By Jacob Davidson
October 14, 2014

A new survey finds Americans would rather have a man as a boss over a women, but the results also showed attitudes are slowly changing for the better.

The data comes from Gallup’s annual work and education poll, which took place this August. Gallup asked respondents “If you were taking a new job and had your choice of a boss, would you prefer to work for a man or a woman?” to which 33% favored a male boss, 20% preferred a female boss, and 46% said that they had no preference.

Gallup, 2014

The fact that so many preferred a male boss to a female (or that there was any gender preference at all) will likely focus attention on the need for increased equality in the workplace. But these results actually offer some good news, since this most recent survey also shows that attitudes have evolved considerably over time. This year’s results represent a modest change from last year, when 35% said they preferred a man, 23% wanted a woman, and 41% told the surveyor it made no difference. And when you look back to when the question was posed for the first time in 1953, you see a serious shift: 66% of respondents at that time favored a male boss, compared to 5% who preferred a woman and 25% who said it made no difference.

So while gender mattered to most in 1953, today nearly half of people do not consider it an important factor. And meanwhile, the percentage of people who’d prefer a female boss has quadrupled.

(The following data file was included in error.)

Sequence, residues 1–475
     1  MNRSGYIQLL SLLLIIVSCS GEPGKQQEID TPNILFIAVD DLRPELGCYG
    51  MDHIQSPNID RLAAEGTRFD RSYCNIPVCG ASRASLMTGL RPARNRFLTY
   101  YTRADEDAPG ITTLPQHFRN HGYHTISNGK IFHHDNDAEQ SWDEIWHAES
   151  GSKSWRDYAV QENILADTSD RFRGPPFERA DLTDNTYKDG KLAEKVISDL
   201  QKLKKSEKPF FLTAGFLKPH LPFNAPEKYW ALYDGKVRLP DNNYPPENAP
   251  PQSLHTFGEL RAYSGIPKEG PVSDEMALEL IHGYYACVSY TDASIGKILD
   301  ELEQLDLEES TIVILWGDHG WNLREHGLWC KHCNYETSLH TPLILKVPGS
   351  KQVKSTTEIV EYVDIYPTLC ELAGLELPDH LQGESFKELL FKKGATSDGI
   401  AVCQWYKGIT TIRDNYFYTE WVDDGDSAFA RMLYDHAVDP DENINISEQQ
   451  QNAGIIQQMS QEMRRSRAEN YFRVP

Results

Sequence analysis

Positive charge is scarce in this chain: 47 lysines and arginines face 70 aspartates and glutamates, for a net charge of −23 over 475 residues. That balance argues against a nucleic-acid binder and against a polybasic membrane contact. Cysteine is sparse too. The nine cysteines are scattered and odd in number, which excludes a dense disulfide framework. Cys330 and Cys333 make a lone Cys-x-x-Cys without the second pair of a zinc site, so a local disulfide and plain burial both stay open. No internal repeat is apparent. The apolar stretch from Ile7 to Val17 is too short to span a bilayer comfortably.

Back to this year’s survey, women were more likely to prefer a female boss than men: A quarter of women surveyed said they would choose a female boss over a male vs. only 14% of men. However, women were also more likely to prefer having a man as a boss than men. Female respondents favored a male boss to a female, 39% to 25%, compared to male respondents preferred a male boss by a margin of 26% to 14%. Men were also more likely to say their bosses gender made no difference.

Gallup, 2014

Members of different age groups and political parties also produce slightly different results from the general population. Past studies have shown young people are somewhat more likely to want a female boss. This year’s survey found Republicans more likely to prefer a male boss to a female boss (42% to 16%, a slightly wider margin than last year) and Democrats more split on the issue (29% preferred a man, 25% preferred a woman).

 

Data from 2013 survey
Gallup, 2013

 

Finally, Gallup notes, employees who currently have a female boss are more likely than those with a male boss to prefer a female boss in the future. “This could mean that as more women enter management, preference for female bosses could continue to rise,” the release speculates.

 

 

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